For many years now, California law enforcement officers have administered specific tests before they arrest a driver and charge them with suspected driving under the influence of alcohol. These tests, commonly called field sobriety tests, are standardized and approved by the National Highway Traffic Safety Administration. That, however, does not mean that they are completely accurate. In fact, each of the three tests has a defined inaccuracy rate.
As explained by FieldSobrietyTests.org, the most accurate of all three tests is the horizontal gaze nystagmus test and its accuracy rate is still only 77%. This test measures an involuntary spasm of the eyeball. Some neurological conditions might interfere with the accuracy of this test.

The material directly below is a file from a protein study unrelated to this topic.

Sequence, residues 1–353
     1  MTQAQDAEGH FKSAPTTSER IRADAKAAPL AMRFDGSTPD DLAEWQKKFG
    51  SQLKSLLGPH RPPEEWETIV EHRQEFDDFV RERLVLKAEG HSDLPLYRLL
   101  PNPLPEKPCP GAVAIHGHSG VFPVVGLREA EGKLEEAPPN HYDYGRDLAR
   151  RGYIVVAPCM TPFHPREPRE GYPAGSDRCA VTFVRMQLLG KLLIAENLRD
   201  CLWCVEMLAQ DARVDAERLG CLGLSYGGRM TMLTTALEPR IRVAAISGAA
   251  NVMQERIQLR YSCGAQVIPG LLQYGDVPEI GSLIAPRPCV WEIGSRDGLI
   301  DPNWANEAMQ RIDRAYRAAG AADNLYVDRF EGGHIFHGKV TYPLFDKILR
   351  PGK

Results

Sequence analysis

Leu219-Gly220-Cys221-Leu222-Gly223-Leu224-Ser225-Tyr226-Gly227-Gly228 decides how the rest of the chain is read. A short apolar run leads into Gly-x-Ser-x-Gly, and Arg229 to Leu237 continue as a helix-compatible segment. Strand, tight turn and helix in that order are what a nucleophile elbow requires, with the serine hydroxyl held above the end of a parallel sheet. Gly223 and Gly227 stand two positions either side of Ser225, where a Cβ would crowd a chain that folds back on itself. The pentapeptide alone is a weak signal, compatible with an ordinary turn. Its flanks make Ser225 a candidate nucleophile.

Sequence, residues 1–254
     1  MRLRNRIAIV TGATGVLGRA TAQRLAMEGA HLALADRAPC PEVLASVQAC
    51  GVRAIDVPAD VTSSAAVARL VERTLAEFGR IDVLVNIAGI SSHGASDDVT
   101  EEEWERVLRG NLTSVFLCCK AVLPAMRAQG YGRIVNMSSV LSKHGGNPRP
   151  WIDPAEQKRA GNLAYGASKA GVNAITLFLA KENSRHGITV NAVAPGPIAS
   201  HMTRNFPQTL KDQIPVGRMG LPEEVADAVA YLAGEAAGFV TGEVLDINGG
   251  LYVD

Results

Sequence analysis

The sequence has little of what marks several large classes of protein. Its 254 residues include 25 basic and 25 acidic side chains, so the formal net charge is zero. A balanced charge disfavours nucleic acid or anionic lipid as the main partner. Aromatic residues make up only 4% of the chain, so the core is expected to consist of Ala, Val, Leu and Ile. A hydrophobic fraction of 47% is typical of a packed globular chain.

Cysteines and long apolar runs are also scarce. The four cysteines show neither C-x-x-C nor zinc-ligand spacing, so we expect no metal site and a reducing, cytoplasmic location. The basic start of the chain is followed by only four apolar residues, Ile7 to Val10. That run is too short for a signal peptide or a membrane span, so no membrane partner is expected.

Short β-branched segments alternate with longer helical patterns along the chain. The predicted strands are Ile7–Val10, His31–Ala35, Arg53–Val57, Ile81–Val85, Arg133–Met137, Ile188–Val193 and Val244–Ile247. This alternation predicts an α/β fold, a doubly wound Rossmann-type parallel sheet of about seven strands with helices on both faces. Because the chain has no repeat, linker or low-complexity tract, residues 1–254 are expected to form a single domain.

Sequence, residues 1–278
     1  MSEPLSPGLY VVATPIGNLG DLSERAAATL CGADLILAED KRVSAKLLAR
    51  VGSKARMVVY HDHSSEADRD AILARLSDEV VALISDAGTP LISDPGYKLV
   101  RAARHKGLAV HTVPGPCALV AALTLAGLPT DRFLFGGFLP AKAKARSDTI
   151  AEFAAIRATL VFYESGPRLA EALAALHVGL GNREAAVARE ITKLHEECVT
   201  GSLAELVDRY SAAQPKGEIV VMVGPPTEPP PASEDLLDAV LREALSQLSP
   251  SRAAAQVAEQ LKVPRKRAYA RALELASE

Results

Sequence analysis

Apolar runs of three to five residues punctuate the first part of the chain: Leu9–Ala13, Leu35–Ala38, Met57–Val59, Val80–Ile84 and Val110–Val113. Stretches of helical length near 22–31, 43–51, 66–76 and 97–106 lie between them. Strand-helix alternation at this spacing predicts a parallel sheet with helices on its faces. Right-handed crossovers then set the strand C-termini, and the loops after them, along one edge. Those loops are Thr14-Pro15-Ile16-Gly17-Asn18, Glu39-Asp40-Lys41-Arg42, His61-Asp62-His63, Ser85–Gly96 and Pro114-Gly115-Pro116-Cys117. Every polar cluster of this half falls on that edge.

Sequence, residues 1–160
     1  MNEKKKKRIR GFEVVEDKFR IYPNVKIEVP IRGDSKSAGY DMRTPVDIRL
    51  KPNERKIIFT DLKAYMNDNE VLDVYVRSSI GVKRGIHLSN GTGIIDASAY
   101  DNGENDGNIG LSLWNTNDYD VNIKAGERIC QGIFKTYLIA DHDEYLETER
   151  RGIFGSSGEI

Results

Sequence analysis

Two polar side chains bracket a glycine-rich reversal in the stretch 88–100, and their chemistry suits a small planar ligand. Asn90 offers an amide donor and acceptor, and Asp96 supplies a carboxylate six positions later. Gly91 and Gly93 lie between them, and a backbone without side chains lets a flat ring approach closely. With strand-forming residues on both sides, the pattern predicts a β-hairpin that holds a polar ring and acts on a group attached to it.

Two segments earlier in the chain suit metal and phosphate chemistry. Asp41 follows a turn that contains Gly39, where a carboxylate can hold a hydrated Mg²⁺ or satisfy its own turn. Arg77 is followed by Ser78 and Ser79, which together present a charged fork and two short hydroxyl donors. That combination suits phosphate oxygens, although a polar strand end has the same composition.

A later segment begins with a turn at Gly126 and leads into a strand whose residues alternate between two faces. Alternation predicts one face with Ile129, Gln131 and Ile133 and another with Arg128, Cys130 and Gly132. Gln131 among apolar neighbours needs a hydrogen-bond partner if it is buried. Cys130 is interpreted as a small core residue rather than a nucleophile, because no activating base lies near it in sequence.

The walk and turn test is said to have an accuracy rate of 68% and the one-leg stand test is only accurate 65% of the time. For both of these tests, joint or soft tissue problems in the knees, ankles or feet can interfere with your ability to pass the tests. Back problems may also inhibit your ability to balance or walk in a particular fashion. If you are overweight or older than 65, your balance may also be limited even if you have not consumed any alcohol. The combined accuracy of three tests together is slightly higher than each individual rate but maxes out at 82%.
If you would like to learn more about how you might be able to protect yourself and your rights after a DUI arrest, please feel free to visit the field sobriety test inaccuracy page of our California drunk driving and criminal defense website.